I’ve been meaning to answer your letter for days, but didn’t get round to writing because I was painting from morning till night, and so the time passed. I imagine that your thoughts, like mine, are with Jo and Theo. How glad I was when the news came that it had gone well; very good thing Wil stayed. I’d much rather that he’d called his boy after Pa, whom I’ve thought about so often these days, than after me, but anyway, as it’s been done now I started right away to make a painting for him, to hang in their bedroom. Large branches of white almond blossom against a blue sky.1
I thank you for the news about Cor. You won’t forget to send him my regards when you write, will you? What you write about Aunt Mina, that she bears her pain with so much patience,2 touched me. You must be back in Leiden again by now. The last few days we’ve had rather miserable weather here, but today it was a real spring day, and the fields of young wheat and the lilac hills in the distance so beautiful, and the almond trees are beginning to blossom everywhere. I was really rather surprised at that article they wrote about me3 — Isaäcson wanted to do it some time ago4 and I asked him not to put pen to paper; I was saddened by it when I read it because it’s so exaggerated; it’s not like that — precisely what sustains me in my work is the feeling that there are several people who are doing exactly the same as I, and so why an article about me and not about those 6 or 7 others etc.?
Now I must confess that later, when my surprise had abated somewhat, I felt very heartened by it at times; yesterday, what’s more, Theo informed me that they’d sold one of my paintings in Brussels for 400 francs.5 In comparison with other prices, including the Dutch ones, this isn’t much, but that’s why I try to be productive in order to be able to keep working at reasonable prices. And if we have to try to earn our living with our hands, I have an awful lot of expenses to make up for.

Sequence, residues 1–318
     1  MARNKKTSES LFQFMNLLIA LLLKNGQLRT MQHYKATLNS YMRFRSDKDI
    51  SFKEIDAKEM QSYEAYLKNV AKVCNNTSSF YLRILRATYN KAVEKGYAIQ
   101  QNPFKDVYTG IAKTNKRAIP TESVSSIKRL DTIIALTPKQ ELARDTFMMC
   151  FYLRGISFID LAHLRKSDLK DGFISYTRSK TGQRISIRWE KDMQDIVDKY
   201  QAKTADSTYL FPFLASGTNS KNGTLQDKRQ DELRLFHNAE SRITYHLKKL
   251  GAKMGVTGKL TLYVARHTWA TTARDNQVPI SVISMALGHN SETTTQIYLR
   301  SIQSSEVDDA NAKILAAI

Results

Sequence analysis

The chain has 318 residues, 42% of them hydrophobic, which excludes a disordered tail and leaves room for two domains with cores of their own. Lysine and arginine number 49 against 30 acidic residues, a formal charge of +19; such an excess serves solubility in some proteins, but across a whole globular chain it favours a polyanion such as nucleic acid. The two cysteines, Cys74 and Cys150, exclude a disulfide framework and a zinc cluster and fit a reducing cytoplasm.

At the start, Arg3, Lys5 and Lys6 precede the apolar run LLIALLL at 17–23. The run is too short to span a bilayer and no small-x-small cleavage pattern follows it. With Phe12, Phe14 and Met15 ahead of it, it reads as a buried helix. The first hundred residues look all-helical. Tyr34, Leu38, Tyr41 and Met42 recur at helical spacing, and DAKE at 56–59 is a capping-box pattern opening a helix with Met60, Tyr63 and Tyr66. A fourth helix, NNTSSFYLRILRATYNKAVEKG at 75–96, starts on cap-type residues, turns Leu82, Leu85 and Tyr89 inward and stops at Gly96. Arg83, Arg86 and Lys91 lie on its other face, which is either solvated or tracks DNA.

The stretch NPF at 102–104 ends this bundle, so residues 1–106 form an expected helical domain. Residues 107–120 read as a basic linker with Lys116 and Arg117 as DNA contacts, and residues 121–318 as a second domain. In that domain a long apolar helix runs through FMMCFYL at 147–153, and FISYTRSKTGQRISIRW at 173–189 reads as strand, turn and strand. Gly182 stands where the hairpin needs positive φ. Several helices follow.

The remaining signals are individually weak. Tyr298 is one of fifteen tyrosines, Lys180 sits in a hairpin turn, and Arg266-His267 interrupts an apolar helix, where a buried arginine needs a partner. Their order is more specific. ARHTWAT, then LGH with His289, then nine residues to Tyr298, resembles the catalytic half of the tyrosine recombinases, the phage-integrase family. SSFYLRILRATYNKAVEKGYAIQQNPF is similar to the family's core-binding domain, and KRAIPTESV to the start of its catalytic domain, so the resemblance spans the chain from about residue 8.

The letter from Wil and you just arrived, thank you very much for it. I should have written to you before but, as I said, my mind wasn’t on writing because I was so busy working.
Now I’m seriously thinking of profiting from that windfall of selling that painting to go to Paris — to visit Theo. And thanks to the doctor here I feel I’ll leave calmer and healthier than I came here. Just to see how it goes outside an asylum is perhaps only a matter of course. The work may possibly be more difficult for me, though, when I’m at liberty again.
Anyway, we’ll hope for the best. It’s odd that my friend with whom I worked for a time in Arles should want to go to Antwerp,6 and that way I’d be a little closer to you all again. But I’m afraid this isn’t entirely practicable, partly because I think it would be more expensive, and if one’s accustomed to the climate here it might also be bad for one’s health to return further north. Anyway, I’ll start by trying a week or so in Paris. Embraced in thought by your loving